volume 40, number 3
Temple UniversityFaculty Herald

Reaffirming Our Culture of Service
Jay I. Sinha, Associate Professor of Marketing and Supply Chain Management, Fox School of Business

As a university professor for over a decade and a member of the Faculty Senate Steering Committee, I am heartened by the steps President Hart and Provost Staiano-Coico have taken recently to improve the workings of our cherished institution.  Advancing such common-sense initiatives as eradicating dysfunctional rules and practices, and studying ways to achieve better cost savings in these budget-strapped economic times, while upholding the due scope of faculty bodies and listening to faculty voices through dedicated forums and retreats – all of this betokens the earnest commitment to continued progress and shared governance that we expect of our leaders.  Along these lines, it is worthwhile to draw attention to one topic that frequently appears in faculty-administrator dialogues: the need to do a better job in recognizing and rewarding service contributions made by faculty.

 

When we talk about service, it is very important to emphasize that service is not what it is sometimes uncharitably deemed in certain circles – an inconsequential escape conduit for the less research-active faculty.  In point of fact, the opposite is true.  Service is our highest and most essential calling.  When we go beyond our daily research and teaching; when we mentor students; when we write them thoughtful recommendation letters for a job or higher education opportunity; when we offer words of encouragement to those who are coping with imperfect family and work situations; when we sit on committees to make decisions on tenure, promotion, merit, and generally how to make our workplace better; when we scrupulously (and wholly unselfishly) review the research of our peers; and when we advise government officials and businesspeople – we are engaging in the most fundamental duties of an academician.  And it is logical that in the normal course of a faculty member’s career his or her interest in writing articles will level off.  New interests will evolve and different horizons will beckon, and they will seek to make themselves useful through service and teaching contributions.  While an article in a top-tier academic journal certainly is a tremendous accomplishment, who is to say that student mentoring is worth any less since student development is the core métier of a university?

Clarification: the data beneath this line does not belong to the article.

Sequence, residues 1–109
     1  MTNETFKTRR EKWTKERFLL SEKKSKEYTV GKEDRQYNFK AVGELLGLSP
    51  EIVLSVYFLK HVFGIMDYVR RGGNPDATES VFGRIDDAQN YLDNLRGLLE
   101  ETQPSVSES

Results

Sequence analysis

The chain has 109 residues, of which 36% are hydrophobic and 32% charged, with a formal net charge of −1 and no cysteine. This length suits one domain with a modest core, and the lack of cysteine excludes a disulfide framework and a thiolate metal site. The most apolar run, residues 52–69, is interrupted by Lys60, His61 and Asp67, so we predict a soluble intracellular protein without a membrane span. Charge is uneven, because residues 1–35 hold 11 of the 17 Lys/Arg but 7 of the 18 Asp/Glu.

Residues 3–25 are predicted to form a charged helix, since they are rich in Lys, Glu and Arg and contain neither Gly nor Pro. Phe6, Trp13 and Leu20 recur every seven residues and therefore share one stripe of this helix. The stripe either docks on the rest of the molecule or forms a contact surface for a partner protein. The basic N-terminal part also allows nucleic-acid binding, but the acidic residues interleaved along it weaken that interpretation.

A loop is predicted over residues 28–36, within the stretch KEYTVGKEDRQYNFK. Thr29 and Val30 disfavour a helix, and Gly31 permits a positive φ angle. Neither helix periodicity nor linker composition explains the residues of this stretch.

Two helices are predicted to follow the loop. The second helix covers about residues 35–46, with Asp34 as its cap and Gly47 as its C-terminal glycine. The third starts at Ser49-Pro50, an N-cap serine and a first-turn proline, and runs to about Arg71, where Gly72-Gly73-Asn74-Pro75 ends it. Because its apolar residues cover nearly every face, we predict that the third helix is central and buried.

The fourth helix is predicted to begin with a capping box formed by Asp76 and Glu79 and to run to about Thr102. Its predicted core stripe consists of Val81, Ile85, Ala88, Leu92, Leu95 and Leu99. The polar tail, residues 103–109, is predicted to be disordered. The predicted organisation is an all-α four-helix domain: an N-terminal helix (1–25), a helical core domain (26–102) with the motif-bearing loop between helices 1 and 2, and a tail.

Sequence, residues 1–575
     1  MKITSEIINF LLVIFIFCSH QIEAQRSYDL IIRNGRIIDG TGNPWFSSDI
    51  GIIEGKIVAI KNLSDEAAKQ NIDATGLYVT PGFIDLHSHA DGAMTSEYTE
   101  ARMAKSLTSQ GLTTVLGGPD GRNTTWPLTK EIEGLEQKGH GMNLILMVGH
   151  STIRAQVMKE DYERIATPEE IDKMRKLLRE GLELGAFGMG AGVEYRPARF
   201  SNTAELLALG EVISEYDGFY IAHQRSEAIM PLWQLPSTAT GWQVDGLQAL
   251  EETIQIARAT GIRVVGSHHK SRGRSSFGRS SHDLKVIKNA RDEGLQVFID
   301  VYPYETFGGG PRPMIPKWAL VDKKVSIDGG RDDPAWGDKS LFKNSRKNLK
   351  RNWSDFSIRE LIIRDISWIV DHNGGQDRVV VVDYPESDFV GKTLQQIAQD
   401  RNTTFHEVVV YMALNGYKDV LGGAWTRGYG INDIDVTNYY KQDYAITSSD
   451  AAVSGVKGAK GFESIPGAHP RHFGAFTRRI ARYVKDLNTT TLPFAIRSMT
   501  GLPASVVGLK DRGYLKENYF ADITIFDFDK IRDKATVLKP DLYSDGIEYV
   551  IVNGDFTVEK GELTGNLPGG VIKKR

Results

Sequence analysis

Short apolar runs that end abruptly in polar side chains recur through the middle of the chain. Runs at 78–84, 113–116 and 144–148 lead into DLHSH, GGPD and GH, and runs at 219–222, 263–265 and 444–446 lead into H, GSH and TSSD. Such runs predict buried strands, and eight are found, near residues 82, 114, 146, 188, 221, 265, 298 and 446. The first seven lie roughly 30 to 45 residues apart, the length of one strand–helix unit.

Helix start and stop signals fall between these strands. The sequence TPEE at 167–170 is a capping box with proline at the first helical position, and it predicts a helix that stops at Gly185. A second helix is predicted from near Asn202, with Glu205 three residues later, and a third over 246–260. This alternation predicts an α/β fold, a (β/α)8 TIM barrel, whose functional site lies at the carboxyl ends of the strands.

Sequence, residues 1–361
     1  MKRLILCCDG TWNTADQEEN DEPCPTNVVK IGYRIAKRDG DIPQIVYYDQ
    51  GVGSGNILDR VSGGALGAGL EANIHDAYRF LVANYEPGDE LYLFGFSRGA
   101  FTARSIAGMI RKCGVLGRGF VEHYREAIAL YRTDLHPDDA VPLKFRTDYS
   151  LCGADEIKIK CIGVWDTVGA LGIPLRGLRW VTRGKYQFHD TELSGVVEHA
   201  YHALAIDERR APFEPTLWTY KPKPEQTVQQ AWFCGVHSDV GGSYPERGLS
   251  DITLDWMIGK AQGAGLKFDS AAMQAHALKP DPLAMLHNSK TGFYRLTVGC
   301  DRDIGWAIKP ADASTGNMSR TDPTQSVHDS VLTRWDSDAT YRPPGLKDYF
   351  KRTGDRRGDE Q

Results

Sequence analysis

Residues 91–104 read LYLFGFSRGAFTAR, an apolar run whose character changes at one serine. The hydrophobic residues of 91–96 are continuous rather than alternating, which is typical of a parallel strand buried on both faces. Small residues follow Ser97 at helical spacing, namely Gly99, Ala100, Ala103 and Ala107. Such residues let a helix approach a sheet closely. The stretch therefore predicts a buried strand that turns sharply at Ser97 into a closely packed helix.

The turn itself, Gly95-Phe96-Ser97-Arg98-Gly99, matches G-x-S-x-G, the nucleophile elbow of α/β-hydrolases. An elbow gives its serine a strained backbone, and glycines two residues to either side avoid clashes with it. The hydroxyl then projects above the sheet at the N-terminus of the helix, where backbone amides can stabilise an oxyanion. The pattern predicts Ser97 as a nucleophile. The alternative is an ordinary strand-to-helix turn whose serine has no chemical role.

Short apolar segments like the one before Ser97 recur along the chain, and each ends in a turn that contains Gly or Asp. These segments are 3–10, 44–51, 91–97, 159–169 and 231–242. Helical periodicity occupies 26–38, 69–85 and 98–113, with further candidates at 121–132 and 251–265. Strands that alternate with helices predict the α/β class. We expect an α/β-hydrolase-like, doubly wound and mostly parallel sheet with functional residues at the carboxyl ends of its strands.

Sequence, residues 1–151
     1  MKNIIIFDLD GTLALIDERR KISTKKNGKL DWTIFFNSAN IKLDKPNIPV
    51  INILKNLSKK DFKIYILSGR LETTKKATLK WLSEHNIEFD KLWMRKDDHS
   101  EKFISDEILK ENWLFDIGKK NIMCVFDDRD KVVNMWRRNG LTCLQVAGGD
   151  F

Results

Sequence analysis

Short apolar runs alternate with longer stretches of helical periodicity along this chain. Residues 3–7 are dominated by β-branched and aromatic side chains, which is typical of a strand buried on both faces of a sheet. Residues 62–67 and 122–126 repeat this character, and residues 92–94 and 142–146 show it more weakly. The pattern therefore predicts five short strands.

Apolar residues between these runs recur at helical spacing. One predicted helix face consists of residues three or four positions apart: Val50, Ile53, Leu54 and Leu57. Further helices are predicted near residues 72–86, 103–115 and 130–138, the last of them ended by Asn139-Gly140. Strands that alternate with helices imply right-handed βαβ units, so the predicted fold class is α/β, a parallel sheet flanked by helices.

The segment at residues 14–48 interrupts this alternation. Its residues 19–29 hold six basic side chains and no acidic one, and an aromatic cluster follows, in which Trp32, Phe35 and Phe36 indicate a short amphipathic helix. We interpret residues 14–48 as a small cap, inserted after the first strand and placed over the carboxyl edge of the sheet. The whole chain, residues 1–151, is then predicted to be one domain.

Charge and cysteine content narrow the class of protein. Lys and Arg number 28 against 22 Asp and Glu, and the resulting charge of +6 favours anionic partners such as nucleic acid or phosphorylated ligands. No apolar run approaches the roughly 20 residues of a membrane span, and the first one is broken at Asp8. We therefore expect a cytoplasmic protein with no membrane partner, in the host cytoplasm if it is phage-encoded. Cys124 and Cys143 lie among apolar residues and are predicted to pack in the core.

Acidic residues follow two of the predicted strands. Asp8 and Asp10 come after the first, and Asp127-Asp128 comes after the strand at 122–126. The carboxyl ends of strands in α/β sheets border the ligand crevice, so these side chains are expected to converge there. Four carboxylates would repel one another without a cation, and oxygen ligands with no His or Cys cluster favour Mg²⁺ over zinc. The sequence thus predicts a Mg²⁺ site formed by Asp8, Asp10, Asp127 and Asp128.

It is important to achieve a healthy balance across teaching, research, and service at the schools and colleges of this university.  Over the years, regrettably, service has not been given its due encouragement, recognition, and reward – in contrast, research has been emphasized above all else.  We know from recent happenings in the business world the pernicious effects that result when one single priority (i.e. greater profits) is made to dictate over all other stakeholder interests.  The deleterious consequences of that misplaced organizational choice are being felt even today in communities around the country.  Our onus therefore is to rebalance our priorities, to reaffirm our culture of service, and to rededicate ourselves to our students, university, profession, and community.